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Ban child trafficking - U.N.

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The U.N. wants any form of child trafficking outlawed.

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LONDON, England -- The U.N. children's charity is calling on the UK government to tighten its laws against the rising number of children trafficked for the slave trade and the sex industry.

UNICEF says hundreds, if not thousands, of youngsters are brought into the country against their will each year from West Africa, Eastern Europe and Asia -- often legally -- only to be forced into slave labor.

A law, the Sexual Offences Bill, is currently going through the British parliament which would make it illegal to traffic people into the UK for sexual exploitation but it does not cover those trafficked for other forms of work.

UNICEF launched its report "Stop the Traffic!" as part of its End Child Exploitation campaign. It is calling for the government to pass a law which would prohibit any form of child trafficking.

It comes a day after British detectives arrested 21 people in connection with the discovery in 2001 of the torso of a young Nigerian in the river Thames. (Full Story)

Police believe the suspects, who are all Nigerian nationals, are involved in bringing children and adults from West Africa to the UK via Europe.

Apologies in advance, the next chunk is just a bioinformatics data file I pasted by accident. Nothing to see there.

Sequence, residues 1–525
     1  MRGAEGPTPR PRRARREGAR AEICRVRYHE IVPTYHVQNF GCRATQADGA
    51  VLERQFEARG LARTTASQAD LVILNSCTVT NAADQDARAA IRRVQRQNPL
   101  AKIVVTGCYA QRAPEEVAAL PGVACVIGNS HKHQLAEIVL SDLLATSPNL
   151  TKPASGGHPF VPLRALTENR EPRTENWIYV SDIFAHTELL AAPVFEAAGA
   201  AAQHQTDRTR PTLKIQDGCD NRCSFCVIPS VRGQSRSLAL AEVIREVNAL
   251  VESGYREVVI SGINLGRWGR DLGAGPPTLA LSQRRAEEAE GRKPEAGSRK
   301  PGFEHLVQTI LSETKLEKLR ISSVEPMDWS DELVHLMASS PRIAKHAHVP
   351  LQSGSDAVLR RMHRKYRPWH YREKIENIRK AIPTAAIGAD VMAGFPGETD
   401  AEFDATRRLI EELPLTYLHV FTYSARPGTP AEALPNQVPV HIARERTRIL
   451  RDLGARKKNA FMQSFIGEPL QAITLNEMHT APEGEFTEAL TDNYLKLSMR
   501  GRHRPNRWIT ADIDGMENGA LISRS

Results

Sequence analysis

David Bull, Executive Director of UNICEF UK, said: "Trafficking is a serious abuse of child rights and is seen as less risky than trafficking drugs."

Police arrested 21 people Tuesday after raiding property in East London.
Police arrested 21 people Tuesday after raiding property in East London.

He urged the Government to approach the problem as a child protection -- and not an immigration -- issue.

The UNICEF director called for a central funding scheme also to provide specialist care and protection for victims.

Bull told Channel 4 television that "certainly hundreds" of children were being trafficked through Britain each year.

But a failure in spotting and identifying those children means the number could be thousands, he added.

Home Office minister Caroline Flint was quoted by the UK's Press Association as saying many children were brought into Britain legally and then exploited, making it difficult to ascertain the numbers being trafficked each year.

Child trafficking is a "global crisis" and one of the fastest growing criminal activities, with about 1.2 million being trafficked worldwide each year, Bull said.


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